Messages, morals and meanings...

Discussion in 'Star Trek - The Original & Animated Series' started by Warped9, Aug 24, 2014.

  1. Warped9

    Warped9 Admiral Admiral

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    An interesting part of the Mission Log podcasts (hosted by John Champion and Ken Ray) has been their examining of the "messages, morals and meanings" after their review and discussion of each episode. Presently they've begun working their way through TNG after completing all of TOS, TAS and the first six films.

    But what about us revisiting TOS in terms of messages, morals and meanings and what we found as takeaways from the episodes? We needn't go through each episode one by one, but rather offer up whatever each of us might have been struck by in a particular way.


    In other threads I've mentioned being struck by the messages (or what I took them as) of the episodes "The Cloud Minders" and "Plato's Stepchildren." I found these episodes poignant in how they looked at class structures and how they reflect what has happened in societies throughout history and is still happening today.

    I was also struck by Ken Ray pointing out something from "The Cage." Ken was struck by how the Talosian Keeper referred to the punishment illusion he inflicted upon Pike as "taken from a fable he once heard in childhood." Was this indeed a subtle dig at religion and the labelling of it as essentially mere fable rather than fact as so many accept it?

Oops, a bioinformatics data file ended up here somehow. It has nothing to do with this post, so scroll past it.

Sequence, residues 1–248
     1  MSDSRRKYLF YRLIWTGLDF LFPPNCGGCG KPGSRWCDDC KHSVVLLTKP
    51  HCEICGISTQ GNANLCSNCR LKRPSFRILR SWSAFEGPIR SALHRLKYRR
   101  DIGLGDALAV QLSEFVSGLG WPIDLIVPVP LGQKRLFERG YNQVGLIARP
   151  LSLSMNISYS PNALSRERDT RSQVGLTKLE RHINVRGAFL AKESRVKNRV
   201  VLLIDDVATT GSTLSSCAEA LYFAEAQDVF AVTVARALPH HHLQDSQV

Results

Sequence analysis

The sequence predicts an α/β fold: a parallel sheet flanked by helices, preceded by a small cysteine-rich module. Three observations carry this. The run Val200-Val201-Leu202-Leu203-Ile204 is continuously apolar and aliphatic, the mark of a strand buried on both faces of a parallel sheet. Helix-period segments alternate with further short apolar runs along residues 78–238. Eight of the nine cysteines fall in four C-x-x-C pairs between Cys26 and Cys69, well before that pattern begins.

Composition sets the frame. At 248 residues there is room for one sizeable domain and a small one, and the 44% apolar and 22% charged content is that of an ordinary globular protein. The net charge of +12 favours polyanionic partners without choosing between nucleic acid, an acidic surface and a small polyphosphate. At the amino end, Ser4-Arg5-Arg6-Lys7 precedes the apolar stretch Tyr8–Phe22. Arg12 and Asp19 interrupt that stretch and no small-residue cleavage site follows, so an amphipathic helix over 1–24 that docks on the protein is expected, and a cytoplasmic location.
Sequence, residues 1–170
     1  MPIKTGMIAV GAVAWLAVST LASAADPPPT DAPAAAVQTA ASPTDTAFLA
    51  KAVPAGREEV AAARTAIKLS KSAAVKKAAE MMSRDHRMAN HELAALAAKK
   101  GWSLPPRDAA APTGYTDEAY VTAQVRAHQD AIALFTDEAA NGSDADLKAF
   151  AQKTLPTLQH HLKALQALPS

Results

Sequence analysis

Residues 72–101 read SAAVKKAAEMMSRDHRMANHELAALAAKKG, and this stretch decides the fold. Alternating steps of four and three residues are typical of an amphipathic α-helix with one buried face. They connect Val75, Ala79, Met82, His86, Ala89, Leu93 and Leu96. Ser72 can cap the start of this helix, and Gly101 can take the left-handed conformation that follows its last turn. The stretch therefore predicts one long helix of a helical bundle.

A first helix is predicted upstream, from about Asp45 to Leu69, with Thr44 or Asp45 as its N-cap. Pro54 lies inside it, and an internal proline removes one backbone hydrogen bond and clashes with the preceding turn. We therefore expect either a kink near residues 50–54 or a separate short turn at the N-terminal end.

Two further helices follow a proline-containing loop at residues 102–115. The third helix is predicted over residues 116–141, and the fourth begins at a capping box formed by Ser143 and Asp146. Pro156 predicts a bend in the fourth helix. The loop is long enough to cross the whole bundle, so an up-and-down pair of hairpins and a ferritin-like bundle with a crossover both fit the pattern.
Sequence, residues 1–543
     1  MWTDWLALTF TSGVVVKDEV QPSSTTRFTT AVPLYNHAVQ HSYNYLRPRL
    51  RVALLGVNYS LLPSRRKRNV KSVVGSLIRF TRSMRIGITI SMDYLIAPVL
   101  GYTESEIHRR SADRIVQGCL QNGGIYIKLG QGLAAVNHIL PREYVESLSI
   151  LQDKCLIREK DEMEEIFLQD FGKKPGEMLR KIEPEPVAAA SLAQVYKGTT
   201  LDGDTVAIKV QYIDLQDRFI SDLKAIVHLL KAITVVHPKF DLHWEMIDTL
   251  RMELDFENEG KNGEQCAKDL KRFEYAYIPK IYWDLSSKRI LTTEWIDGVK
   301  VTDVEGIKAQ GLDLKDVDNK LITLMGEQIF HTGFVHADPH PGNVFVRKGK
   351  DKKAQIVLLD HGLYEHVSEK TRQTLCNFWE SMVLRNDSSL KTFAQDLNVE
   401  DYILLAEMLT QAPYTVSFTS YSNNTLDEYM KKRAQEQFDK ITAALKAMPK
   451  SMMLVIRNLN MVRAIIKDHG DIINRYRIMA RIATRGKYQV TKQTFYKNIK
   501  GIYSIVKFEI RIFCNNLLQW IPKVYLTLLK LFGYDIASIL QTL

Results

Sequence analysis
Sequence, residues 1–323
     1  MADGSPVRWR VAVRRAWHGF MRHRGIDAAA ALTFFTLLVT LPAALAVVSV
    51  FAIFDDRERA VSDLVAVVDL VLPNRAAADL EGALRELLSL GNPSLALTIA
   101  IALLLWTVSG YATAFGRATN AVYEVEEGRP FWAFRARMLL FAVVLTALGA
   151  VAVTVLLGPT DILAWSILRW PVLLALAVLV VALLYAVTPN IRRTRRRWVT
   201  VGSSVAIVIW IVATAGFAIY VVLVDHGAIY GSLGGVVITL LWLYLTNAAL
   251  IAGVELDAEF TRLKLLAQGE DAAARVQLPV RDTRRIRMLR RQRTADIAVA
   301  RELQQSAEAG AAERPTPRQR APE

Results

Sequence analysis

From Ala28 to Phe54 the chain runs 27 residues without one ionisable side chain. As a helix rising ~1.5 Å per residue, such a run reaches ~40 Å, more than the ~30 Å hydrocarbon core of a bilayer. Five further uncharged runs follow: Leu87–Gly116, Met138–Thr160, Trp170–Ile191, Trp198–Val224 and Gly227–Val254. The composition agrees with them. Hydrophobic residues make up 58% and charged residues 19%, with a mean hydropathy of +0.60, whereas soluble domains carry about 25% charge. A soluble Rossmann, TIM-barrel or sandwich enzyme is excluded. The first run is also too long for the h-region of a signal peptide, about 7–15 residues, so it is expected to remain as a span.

Anyone else?
     
  2. TREK_GOD_1

    TREK_GOD_1 Commodore Commodore

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    It could be read that way--or this single line could be boiled down to be nothing more than the result of "alien misconception" by the Keeper--thanks to references to religion (and we can assume, its associated text) as something accepted / believed (usually Christianity) by characters in the regular series.

    Examples: McCoy in Act 1 & the final Kirk/Uhura bridge lines from "Bread and Circuses," or "We find the one quite sufficient from "Who Mourns for Adonais" (as a counter to apparently false "gods" of myth). I would add, Daystrom's "Murder is contrary to the laws of man and God" stands as more evidence of the continued belief.

    Further, some love to use the "Kirk was always tearing down gods" line as behavior suggestive of rejection/disbelief, but if one considers the quoted lines above (particularly his comment/relationship to Apollo), then we could take his efforts as meaning he does not stomach frauds--behavior echoed in The Final Frontier with his questioning of the entity.

    There are more TOS examples, but for anything which could be read into the Keeper's single line, it failed to establish a pattern of thought / approach for the regular series.

    Note: the Keeper also had a total misunderstanding of humankind's rejection of slavery/breeding programs. This would support all other clueless Talosian observations--including the "fable" idea.
     
    Last edited: Aug 24, 2014
  3. Push The Button

    Push The Button Fleet Captain Fleet Captain

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    Also from Who Mourns for Adonais, the genuine regret from Kirk and McCoy over having to destroy Apollo's temple:

    MCCOY: I wish we hadn't had to do this.